Coming off the last week prior’s post-election property high, the latest weekly property market data has stabilised, with two capital cities avoiding value falls.
Combined, the daily home value index fell by 0.1 of a percentage point in the week ending 2 June, CoreLogic’s Property Market Indicator data showed.
Adelaide was the only capital city to record a value rise, which rose by 0.1 of a percentage point.
Meanwhile, Melbourne with 0.1 of a percentage point.lead the declines at 0.3 of a percentage point, followed by Brisbane at 0.2 of a percentage point, and then
Sydney avoided any declines or rises and held steady.
The monthly index was down by 0.4 of a percentage point. It fell by 8.8 per cent for the year. Sydney, Melbourne and Perth recorded the highest declines for the year again at 10.8 per cent, 10 per cent and 8.8 per cent, respectively.
New listing volumes were down, with most capital cities recording a decline. Those that rose were Hobart with 9.7 per cent, Darwin with 4.9 per cent and Adelaide at 3.3 per cent.
The largest declines were seen in Sydney at 25.5 per cent (making last week 15 weeks of new listing declines in a row), Melbourne at 24.6 per cent, Canberra at 18.1 per cent and Perth at 17.2 per cent.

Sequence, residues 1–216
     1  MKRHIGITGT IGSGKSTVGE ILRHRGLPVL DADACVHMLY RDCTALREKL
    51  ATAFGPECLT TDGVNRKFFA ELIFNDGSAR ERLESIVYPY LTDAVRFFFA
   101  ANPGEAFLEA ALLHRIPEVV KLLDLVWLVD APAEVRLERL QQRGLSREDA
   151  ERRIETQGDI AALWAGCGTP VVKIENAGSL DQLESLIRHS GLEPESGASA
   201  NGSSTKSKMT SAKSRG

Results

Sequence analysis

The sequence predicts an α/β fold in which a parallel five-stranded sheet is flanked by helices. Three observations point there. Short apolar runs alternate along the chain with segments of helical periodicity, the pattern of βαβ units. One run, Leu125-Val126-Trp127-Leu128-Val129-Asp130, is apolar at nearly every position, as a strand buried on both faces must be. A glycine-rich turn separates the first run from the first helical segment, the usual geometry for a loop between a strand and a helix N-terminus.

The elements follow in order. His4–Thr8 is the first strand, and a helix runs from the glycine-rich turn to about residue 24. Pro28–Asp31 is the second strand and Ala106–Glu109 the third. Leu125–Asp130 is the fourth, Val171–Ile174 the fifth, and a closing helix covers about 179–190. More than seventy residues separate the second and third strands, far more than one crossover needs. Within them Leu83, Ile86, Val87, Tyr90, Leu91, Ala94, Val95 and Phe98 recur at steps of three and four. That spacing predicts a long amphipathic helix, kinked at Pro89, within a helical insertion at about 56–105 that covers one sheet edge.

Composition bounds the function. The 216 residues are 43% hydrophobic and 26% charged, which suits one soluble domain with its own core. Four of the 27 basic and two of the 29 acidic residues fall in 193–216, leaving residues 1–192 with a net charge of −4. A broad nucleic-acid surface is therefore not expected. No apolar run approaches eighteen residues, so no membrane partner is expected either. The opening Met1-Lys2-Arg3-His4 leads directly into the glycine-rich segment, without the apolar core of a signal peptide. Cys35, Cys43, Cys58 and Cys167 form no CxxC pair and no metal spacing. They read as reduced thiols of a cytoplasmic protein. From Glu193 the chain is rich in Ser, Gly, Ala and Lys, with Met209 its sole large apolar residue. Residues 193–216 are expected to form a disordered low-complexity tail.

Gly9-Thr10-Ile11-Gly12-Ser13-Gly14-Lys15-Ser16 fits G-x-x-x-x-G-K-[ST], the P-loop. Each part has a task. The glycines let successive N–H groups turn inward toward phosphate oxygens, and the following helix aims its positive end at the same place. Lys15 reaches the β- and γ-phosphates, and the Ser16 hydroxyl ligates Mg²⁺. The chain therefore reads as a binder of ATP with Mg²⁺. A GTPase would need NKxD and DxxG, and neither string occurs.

Houses were again more popular than units, and the average time for houses on market fluctuated across the capital cities, with Melbourne, Darwin and Canberra reporting declines, Brisbane and Perth recording rises and Sydney, Adelaide and Hobart holding steady.
Hobart was the capital city with the fastest time on market for houses at 38 days again, followed by Melbourne, Sydney and Canberra at 46 days for the former and 50 days for the two latter; while Perth, Darwin and Brisbane had the slowest time on market at 87 days, 79 days and 73 days, respectively.
For units, Hobart was once again the fastest at 39 days, while Perth, Brisbane and Darwin were the slowest at 89, 84 and 78 days, respectively.
Vendor discounting was between 5.2 per cent and 8.3 per cent for houses across most capital cities and between 6.7 per cent and 9.5 per cent for units.
Canberra was once again the low-end exception for both houses and units at a respective 4.3 per cent and 5.2 per cent.
Meanwhile, Darwin was once again the high-end exception for houses and units at 9.4 per cent and 11.2 per cent, respectively.